The texts of our reading spine also take into consideration those readers who are potentially working at a greater depth of understanding and need to be challenged further. They are complex, either through their lexical level, or because they contain text, for example, which contains archaic, figurative or symbolic language, or non-linear time sequences.
To complement our reading spine, children also read a wide variety of texts which address diversity and equality, thus ensuring that our children have a rich and varied reading diet which is reflective of the current world and the future.
Pie Corbett says…
“Great books build the imagination. The more we read aloud expressively, and the more children are able to savour, discuss and reinterpret literature through the arts, the more memorable the characters, places and events become, building an inner world. A child who is read to will have an inner kingdom of unicorns, talking spiders and a knife that cuts into other worlds. The mind is like a ‘tardis’; it may seem small but inside there are many mansions. Each great book develops the imagination and equips the reader with language.
Great stories speak to us as individuals and some children will return to certain books again and again. Great stories also build our language because around 75 per cent of our vocabulary comes from our reading. Reading develops the ability to think in the abstract; to follow lines of thought. Schools that have a reading spine, build a common bank of stories that bind the community together. These are shared and deeply imagined common experiences.”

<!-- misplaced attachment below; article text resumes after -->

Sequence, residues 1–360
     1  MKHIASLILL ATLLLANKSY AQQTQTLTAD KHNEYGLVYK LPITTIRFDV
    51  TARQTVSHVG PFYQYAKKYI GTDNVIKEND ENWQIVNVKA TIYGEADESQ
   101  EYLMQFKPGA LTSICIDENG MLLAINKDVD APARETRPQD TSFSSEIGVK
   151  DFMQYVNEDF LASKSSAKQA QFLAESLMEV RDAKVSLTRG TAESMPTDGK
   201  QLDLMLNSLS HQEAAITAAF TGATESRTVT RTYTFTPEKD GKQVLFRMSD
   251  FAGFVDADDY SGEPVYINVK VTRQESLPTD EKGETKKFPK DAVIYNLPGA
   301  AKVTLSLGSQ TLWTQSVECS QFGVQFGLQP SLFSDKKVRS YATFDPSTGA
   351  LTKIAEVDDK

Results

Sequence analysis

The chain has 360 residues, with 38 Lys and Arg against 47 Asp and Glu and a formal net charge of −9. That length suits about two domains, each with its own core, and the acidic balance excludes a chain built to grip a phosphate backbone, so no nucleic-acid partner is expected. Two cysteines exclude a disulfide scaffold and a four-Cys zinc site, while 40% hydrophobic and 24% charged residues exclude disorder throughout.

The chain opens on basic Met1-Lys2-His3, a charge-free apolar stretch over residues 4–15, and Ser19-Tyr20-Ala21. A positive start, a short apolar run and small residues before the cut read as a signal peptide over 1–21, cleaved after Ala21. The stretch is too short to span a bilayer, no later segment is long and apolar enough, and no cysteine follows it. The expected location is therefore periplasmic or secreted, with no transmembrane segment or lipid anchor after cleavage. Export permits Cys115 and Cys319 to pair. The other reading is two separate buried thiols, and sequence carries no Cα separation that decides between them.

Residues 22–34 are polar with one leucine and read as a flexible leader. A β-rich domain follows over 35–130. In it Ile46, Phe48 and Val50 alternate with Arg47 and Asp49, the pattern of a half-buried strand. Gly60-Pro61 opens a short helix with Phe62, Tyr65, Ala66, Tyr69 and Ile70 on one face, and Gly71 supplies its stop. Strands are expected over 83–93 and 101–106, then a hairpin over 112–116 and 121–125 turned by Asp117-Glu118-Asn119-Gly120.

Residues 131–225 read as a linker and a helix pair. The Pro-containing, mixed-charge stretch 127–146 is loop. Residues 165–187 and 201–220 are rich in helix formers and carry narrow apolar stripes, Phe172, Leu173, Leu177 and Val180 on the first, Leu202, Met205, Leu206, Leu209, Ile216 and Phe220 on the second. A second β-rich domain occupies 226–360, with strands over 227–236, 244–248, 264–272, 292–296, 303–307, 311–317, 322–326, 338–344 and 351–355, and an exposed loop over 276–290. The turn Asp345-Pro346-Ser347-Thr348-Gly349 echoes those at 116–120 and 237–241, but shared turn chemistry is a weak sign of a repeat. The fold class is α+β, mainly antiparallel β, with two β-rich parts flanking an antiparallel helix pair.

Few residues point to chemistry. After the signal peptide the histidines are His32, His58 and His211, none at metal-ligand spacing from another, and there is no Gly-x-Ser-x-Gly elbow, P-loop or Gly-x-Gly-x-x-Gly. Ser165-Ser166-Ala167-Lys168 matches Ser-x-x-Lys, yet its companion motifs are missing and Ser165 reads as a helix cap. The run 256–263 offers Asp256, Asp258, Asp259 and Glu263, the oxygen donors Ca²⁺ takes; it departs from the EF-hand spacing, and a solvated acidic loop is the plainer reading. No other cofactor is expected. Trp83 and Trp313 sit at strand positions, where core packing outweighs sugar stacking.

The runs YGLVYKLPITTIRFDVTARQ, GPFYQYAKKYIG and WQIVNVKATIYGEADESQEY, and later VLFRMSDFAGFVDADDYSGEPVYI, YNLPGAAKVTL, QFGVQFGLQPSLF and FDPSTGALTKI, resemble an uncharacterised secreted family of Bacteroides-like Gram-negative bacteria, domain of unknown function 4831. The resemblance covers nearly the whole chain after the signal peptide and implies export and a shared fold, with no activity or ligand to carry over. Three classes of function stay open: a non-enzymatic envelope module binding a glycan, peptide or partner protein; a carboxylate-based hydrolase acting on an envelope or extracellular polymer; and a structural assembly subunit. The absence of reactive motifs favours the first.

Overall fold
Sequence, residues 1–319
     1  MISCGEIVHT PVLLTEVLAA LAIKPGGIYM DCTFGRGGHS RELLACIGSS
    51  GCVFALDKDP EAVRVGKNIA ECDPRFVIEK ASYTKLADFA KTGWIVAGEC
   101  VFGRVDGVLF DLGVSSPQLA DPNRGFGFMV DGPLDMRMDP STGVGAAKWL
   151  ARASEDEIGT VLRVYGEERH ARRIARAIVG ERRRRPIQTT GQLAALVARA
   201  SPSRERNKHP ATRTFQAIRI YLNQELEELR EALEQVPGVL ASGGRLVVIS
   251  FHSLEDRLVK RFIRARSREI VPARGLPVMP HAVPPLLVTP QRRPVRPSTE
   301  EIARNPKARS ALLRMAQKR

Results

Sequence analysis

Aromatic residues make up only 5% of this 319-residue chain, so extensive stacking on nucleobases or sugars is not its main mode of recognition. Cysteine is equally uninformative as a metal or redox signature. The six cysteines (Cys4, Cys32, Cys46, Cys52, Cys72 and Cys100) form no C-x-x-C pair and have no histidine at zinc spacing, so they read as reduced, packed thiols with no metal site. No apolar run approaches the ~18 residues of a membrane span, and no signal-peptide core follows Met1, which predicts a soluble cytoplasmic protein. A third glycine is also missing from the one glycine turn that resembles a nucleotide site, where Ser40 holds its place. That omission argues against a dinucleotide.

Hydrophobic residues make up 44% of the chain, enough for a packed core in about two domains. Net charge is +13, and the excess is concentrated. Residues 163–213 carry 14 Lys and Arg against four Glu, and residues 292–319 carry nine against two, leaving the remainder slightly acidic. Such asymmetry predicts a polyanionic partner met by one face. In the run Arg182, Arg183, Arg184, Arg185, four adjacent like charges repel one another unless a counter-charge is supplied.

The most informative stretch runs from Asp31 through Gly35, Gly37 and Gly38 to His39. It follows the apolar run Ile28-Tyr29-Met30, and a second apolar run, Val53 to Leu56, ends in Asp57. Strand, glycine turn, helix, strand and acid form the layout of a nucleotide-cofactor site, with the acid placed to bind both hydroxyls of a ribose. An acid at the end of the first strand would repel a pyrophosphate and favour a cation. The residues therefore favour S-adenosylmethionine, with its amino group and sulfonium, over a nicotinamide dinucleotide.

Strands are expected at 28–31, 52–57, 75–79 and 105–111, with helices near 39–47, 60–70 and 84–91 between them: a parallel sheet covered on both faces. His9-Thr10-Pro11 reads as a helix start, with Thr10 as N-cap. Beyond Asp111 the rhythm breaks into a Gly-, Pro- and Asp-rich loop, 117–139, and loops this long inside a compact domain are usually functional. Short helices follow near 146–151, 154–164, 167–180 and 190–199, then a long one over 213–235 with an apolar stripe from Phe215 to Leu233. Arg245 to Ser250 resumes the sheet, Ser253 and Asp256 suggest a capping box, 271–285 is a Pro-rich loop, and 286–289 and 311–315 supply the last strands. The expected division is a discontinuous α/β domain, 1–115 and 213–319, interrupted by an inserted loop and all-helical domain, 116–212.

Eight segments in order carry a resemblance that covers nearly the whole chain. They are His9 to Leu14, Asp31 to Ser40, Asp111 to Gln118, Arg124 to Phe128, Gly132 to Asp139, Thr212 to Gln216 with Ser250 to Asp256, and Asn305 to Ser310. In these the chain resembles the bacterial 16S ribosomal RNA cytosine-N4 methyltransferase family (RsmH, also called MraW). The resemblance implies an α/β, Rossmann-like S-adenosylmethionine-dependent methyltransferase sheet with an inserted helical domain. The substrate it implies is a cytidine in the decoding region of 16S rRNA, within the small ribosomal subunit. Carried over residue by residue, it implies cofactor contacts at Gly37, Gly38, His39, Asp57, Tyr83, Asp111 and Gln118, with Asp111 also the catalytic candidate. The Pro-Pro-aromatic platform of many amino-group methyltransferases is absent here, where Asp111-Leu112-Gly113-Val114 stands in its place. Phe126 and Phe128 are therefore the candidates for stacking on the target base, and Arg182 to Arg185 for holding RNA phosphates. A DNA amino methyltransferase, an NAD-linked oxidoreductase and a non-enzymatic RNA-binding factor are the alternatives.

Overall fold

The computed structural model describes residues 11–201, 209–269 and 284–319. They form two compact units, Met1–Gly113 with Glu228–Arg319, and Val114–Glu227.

Please click here to access our Reading Spine.
Teaching children to ‘decode’ or ‘read’ in its most basic form is a key driver for our Early Years and Key Stage 1 curriculum. Once children can ‘read’, through a robust and systematic approach, the world opens up to them. It is our duty to ensure that all our children are ready to embrace both the literary and wider world.
In Reading our intent is to:
- focus on the National Curriculum aims
- focus on the school’s curriculum policy
- develop a positive attitude to reading
- develop a desire to read
- be confident to make a variety of genre choices
- be inspired to read for pleasure and research purposes
- be inspired by text choice/authors and where appropriate links are made across the curriculum
- be confident in discussions about language, structure and presentation to develop own understanding
- develop a broad range of vocabulary
- make links between authors, genres and themes
- create strong links with writing
Reading is central to our curriculum and texts are selected and promoted to enhance the curriculum. We have implemented a Whole Class Reading (WCR) approach.
Our whole class reading structure is:
WCR is implemented everyday across Key Stage 1 (Year 2) and Key Stage 2. Teachers begin the process by unpicking key vocabulary and features from an age appropriate, high-quality text. During WCR teachers model reading using expression and intonation, children model reading to their peers, children read individually, in pairs or in small groups. Tasks set are linked to the reading that has taken place in that lesson and teachers assess against the reading domains. We ensure that all tasks are accessible for all children including those with SEND and provides an appropriate level of challenge. Every WCR session uses the following sequence: